As expected, Gorsuch's decisions have been closely scrutinized. A new justice's role on the court is only broadly sketched during confirmation hearings, and each decision begins to fill in the outlines of a lifetime appointment.

Gorsuch has rejected stay-of-execution requests as a member of the U.S. Court of Appeals for the 10th Circuit, but he has had limited exposure to the issue of capital punishment.

During his Senate confirmation hearings, he was often asked about a passage in a book he wrote in which he criticizes euthanasia and doctor-assisted suicide. "All human beings are intrinsically valuable, and the intentional taking of human life by private persons is always wrong," he wrote.

It is the phrase "by private persons" that was key to Gorsuch's response.

Some online commentators have questioned what Thursday night's action says about Gorsuch's "pro-life" credentials. He has a thin record on which his view of a constitutional right to abortion could be assessed. But if he supports the constitutionality of the death penalty and questions a constitutional right to abortion, he would simply be reflecting the various positions on the court he is joining.

The justice he replaced, Antonin Scalia, felt the same on capital punishment and abortion. Liberals such as Breyer and Ginsburg are the opposite, supporting abortion rights while raising doubts about the death penalty.

Gorsuch has faced an immediate immersion at the Supreme Court. He was sworn in on April 10. He skipped the justices' private conference that week to prepare for oral arguments that began last Monday.

Although he asked no questions in one oral argument, he was an active participant in the other 6. Some analyses showed that he asked more questions than many of his colleagues did in their first outings on the court, and he displayed a confidence borne of his decade on the bench.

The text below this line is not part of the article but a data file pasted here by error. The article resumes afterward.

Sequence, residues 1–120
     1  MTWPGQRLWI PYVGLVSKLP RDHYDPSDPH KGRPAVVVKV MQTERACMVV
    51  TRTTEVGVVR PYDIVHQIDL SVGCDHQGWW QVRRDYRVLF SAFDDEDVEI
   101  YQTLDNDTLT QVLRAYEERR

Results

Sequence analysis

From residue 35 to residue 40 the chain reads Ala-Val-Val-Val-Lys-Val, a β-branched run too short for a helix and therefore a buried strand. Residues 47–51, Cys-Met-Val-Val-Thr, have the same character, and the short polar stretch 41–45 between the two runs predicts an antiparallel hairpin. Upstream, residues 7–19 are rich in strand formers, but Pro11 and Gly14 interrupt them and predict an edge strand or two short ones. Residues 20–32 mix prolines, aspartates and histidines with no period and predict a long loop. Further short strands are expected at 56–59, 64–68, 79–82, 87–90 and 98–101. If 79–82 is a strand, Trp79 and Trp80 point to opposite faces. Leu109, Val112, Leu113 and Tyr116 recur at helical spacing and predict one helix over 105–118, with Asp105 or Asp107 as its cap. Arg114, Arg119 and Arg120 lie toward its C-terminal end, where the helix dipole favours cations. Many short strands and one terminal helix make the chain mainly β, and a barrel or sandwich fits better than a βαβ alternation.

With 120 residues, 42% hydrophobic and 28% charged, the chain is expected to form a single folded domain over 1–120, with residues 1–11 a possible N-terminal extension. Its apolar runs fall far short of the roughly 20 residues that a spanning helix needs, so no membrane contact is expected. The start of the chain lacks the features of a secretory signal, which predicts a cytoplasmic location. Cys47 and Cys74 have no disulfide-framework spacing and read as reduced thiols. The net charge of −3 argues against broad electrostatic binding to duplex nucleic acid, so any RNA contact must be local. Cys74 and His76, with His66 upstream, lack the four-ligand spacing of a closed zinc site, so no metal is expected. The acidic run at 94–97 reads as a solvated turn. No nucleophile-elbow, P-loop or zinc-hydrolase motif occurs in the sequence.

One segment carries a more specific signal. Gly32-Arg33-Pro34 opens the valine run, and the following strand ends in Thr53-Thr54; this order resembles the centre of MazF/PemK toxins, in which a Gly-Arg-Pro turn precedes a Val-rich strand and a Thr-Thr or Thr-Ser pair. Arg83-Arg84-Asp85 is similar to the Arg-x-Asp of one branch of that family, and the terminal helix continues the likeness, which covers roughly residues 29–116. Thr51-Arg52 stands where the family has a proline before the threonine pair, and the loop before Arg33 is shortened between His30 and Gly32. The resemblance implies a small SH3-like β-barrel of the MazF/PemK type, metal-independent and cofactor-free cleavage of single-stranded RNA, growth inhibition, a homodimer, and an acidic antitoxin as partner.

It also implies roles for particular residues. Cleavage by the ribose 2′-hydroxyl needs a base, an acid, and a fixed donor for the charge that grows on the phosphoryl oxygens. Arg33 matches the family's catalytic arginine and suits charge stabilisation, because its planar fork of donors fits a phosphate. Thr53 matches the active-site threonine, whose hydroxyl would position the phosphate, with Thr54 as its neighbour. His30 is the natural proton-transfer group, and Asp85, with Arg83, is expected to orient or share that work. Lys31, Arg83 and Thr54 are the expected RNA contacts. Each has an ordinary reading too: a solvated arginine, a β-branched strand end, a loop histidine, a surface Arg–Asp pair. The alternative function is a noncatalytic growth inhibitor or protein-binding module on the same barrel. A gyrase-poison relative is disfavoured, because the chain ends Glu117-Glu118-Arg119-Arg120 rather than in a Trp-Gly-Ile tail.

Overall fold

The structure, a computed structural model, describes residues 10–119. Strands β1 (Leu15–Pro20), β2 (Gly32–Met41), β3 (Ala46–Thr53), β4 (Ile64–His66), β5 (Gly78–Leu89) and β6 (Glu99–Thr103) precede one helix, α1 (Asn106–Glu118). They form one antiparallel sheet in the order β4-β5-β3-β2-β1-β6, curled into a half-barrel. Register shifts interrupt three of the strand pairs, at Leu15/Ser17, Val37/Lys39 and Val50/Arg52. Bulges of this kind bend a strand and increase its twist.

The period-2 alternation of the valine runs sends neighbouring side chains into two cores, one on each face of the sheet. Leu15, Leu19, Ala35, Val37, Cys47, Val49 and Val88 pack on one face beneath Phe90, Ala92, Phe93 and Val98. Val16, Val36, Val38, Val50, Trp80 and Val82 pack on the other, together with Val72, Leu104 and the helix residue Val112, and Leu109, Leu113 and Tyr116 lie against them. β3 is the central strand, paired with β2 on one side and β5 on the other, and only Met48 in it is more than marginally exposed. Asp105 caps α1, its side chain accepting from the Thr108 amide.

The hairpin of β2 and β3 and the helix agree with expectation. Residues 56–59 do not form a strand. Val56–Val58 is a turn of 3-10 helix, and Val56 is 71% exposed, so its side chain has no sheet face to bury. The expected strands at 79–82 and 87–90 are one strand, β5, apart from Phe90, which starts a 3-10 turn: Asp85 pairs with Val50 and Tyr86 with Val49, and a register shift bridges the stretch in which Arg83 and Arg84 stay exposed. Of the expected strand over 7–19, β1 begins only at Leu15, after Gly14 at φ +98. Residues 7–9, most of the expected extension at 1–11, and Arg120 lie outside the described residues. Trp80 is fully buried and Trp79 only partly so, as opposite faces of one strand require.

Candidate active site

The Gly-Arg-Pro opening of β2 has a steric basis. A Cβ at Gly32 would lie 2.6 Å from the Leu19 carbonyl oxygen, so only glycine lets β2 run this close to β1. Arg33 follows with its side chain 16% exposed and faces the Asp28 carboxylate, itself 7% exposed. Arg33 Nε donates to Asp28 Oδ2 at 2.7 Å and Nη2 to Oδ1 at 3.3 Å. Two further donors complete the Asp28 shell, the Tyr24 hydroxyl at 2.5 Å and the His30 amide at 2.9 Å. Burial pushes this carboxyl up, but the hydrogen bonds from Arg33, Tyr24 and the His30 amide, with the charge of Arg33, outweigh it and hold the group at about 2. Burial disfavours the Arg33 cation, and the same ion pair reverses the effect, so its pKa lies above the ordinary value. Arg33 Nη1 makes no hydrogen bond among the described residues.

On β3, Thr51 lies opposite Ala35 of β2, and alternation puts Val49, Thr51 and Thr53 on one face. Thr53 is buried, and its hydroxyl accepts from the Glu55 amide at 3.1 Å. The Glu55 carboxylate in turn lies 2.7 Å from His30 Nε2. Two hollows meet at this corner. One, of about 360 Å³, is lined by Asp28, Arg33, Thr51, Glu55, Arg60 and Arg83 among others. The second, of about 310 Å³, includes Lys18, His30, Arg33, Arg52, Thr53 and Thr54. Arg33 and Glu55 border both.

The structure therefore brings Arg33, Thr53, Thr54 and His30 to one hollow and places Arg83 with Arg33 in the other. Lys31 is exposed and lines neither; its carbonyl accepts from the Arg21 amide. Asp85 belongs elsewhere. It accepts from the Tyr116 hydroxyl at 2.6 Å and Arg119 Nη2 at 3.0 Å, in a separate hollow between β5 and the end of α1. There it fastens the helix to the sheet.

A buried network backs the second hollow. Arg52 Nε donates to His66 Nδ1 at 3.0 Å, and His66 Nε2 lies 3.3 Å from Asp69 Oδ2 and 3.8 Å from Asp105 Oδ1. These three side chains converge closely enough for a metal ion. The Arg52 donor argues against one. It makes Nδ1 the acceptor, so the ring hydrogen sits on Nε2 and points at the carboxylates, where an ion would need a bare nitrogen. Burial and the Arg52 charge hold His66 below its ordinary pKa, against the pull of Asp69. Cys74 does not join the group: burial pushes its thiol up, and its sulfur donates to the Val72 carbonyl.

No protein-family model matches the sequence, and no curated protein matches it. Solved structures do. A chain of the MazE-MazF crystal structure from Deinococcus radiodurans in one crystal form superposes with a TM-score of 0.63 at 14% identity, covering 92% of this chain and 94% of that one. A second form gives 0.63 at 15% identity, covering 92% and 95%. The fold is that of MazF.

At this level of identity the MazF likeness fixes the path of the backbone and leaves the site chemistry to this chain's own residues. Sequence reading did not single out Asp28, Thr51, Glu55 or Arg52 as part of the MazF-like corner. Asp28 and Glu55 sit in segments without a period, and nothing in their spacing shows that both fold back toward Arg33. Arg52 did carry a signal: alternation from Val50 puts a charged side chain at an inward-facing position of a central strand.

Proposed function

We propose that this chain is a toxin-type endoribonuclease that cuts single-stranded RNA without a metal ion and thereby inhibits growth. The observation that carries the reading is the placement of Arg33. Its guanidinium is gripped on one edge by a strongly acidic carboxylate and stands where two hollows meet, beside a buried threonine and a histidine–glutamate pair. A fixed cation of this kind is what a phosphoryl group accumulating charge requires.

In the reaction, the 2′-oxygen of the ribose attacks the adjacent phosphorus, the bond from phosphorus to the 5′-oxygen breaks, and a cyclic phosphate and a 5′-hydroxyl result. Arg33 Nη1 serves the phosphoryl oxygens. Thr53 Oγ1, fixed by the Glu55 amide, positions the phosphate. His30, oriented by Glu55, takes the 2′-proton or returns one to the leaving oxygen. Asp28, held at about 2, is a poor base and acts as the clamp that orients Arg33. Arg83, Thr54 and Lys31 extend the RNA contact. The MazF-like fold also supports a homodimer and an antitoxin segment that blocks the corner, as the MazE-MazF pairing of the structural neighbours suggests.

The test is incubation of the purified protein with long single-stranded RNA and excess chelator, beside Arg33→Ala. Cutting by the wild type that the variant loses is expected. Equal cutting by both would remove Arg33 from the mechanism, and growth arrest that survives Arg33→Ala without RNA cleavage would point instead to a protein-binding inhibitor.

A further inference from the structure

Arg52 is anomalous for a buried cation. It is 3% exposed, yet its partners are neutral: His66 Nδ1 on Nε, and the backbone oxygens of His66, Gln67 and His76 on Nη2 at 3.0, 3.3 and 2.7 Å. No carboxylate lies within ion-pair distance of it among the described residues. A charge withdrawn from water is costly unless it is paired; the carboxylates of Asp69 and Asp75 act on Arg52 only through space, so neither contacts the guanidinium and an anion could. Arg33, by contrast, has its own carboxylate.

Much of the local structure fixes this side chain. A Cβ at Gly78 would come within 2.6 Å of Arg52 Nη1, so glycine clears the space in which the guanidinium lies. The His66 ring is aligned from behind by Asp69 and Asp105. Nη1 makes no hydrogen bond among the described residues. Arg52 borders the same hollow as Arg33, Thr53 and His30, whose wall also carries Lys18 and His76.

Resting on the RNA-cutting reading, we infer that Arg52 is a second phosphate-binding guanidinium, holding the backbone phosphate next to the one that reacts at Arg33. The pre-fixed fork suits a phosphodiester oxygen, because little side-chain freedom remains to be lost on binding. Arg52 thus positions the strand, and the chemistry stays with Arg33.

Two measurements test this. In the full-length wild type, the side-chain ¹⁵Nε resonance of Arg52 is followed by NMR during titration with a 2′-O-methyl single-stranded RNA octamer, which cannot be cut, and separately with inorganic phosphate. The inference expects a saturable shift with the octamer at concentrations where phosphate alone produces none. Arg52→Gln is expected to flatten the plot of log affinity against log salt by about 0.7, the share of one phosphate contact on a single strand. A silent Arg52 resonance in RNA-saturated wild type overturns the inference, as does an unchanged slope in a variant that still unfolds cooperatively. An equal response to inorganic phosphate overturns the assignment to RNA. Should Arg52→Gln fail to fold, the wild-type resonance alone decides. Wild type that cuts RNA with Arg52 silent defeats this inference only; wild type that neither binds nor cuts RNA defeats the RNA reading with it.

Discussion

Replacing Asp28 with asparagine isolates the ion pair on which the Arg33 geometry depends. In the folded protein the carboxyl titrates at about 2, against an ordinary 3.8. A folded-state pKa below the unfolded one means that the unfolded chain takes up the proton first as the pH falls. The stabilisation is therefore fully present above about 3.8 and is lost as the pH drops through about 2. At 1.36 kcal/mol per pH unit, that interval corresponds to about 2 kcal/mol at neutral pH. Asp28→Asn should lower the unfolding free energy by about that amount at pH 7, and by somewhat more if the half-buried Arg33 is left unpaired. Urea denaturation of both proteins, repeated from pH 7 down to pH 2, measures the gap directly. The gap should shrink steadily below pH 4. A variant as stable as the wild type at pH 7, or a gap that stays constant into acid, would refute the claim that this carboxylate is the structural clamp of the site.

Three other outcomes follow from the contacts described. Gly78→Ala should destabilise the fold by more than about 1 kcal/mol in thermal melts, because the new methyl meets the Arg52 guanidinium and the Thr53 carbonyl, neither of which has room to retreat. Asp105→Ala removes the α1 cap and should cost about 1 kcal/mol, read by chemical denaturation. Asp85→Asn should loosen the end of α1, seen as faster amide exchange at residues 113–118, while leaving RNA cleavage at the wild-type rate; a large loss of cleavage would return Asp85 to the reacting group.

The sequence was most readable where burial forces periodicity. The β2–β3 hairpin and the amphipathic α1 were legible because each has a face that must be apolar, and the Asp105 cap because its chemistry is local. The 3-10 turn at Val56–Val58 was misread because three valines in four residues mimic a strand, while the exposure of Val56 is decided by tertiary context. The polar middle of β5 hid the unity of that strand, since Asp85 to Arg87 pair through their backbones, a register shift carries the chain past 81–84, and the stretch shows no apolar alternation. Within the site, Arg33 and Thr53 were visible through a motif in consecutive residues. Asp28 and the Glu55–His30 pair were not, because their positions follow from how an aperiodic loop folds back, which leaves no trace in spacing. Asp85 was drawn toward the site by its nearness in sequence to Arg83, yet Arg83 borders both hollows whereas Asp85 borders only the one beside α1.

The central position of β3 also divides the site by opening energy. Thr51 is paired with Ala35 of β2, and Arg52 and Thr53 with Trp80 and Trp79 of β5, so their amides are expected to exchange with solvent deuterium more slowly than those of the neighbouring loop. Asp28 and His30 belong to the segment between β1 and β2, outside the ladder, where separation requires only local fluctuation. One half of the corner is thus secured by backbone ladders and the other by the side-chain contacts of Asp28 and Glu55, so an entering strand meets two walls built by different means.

On Friday, he was scheduled to meet with the rest of the court to examine a long list of cases that would be on the docket that begins in October. When it had only 8 members, the court seemed to shy away from some controversial topics.

But the new list is anything but neutral. They include cases involving gun rights, voting rights and whether businesses can for religious reasons refuse their wedding services to same-sex couples.

Source: Washington Post, April 22, 2017

⚑ | Report an error, an omission, a typo; suggest a story or a new angle to an existing story; submit a piece, a comment; recommend a resource; contact the webmaster, contact us: deathpenaltynews@gmail.com.


Opposed to Capital Punishment? Help us keep this blog up and running! DONATE!

Comments

Most Viewed (Last 7 Days)

Ohio: Alva Campbell execution delayed indefinitely

Here's as Crazy a Death Penalty Story as You'll Find

Nevada releases detailed manual on how it plans to execute death row inmate

Ohio: Alva Campbell will get wedge-shaped pillow for execution; his death could become a “spectacle”

A Travelling Executioner

No Second Chances: What to Do After a Botched Execution

Arkansas Justice: Racism, Torture, and a Botched Execution

Nevada death row inmate placed on suicide watch

Arizona: Man sentenced to death in 2011 death of 10-year-old locked in storage box

One Dead, Three Wounded in Nusakambangan Prison Riot